Thursday, June 25, 2009

Lesson of Michael Jackson: Child Exploitation Bad for your Mental Health

OK, I will be the first blogger to note the moral story in the Michael Jackson Tragedy. Or, maybe amongst the first 1,000.

Michael Jackson was a victim of child abuse and child exploitation. Many people were aware of the conditions under which he was growing up, but it occurred to no one that the conditions were leading to eventual problems in adulthood.

Ideally, in a proper, fostering childhood, children have the support, guidance and protection as they encounter lessons concerning how to cope and manage the challenges of life. A certain level of work, and discipline, is proper and necessary across the developmental span.

But no child should have the burden of work, with adult-level expectations of productivity and performance, that was expected of the Jackson Five, including Michael, the emerging character of this ensemble.

Research: we know these lessons of nurturance. We need to know more fully so that we can manage things such as child stardom, or how to maximally raise gifted children who might be able to intellectually handle college while socially and chronologically in middle school.
We need to be able to clearly say what level of work, expectation, pressure, travel, et cetera, is too much.

And when that level is exceeded, we need to know how to detect this, and how to help.
Except for Liz Taylor and Uri Geller, we don't know Michael's story. But for those of us who remember all the way from the child star days up to the current day of untimely death, it is not too difficult to believe that the array of odd behaviors and phases were some atempt to address and resolve the traumatic experiences of this unusual, exploitative childhood. I daresay his efforts would not align with the treatment plans of therapists experienced in helping adults address past childhood exploitation and abuse.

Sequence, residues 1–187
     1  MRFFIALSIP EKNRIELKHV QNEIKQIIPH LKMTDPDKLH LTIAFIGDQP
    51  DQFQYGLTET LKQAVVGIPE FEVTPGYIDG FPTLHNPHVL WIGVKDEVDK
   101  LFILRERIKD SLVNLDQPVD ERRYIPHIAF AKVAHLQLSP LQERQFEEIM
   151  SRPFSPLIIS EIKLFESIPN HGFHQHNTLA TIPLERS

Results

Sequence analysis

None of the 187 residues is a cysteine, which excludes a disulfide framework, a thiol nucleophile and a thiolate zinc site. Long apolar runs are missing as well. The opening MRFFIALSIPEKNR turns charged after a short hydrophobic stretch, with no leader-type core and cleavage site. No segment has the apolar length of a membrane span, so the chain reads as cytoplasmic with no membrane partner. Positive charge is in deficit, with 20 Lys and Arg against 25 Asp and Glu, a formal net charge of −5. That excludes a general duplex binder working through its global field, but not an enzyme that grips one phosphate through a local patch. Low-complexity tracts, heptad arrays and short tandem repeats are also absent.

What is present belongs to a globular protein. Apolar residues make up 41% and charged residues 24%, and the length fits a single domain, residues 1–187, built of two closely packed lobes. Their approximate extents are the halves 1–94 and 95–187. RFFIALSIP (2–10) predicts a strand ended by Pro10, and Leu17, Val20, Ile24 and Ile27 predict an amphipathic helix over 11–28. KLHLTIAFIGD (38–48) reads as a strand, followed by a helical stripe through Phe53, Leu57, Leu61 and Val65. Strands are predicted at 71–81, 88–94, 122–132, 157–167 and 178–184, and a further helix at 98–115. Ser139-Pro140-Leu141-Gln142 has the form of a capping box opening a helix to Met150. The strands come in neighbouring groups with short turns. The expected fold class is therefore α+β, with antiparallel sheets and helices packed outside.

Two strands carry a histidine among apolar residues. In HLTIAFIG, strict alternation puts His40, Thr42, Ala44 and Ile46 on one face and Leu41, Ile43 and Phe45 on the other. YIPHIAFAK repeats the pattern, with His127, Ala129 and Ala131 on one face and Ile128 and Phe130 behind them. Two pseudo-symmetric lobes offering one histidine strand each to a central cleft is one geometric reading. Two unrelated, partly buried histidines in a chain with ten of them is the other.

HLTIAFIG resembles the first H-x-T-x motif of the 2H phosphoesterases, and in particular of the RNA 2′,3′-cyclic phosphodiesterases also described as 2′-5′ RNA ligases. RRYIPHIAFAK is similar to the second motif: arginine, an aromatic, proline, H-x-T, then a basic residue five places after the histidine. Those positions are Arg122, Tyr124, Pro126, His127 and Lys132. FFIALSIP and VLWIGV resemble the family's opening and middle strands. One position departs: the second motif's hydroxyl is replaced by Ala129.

I guess that these unusual life experiences somehow led to whatever behaviors might have proximally contributed to this heart failure. At this point, the autopsy is yet to be performed. Dehydration, exhaustion, substance abuse, anorexia, and other conditions can lead to heart failure. It is very plausible that the childhood abuse and exploitation led to these curcumstances, and without proper psychological resolution and treatment, Michael Jackson was on track for a tragedy.

So, from my armchair, I believe that many people failed Michael Jackson. Many people saw him being exploited, pressured, etc., as a child. Many people saw his troubled side and troubled behaviors in his adulthood. It is likely that a troubling history of pain medication dependence may emerge. People knew about this, just as they knew for Anna Nicole Smith.

The point is that we need to increasingly appreciate the impact of these adult-level opportunities and roles on children, and address them when we can. During childhood, or if necessary retrospectively address them when the person figures these things out in adulthood, under the guidance of a decent therapist.

A problem like this does not fit in the DSM very well, and pills do not cure it. These problems are psychological problems, and require psychological assessment and treatment.

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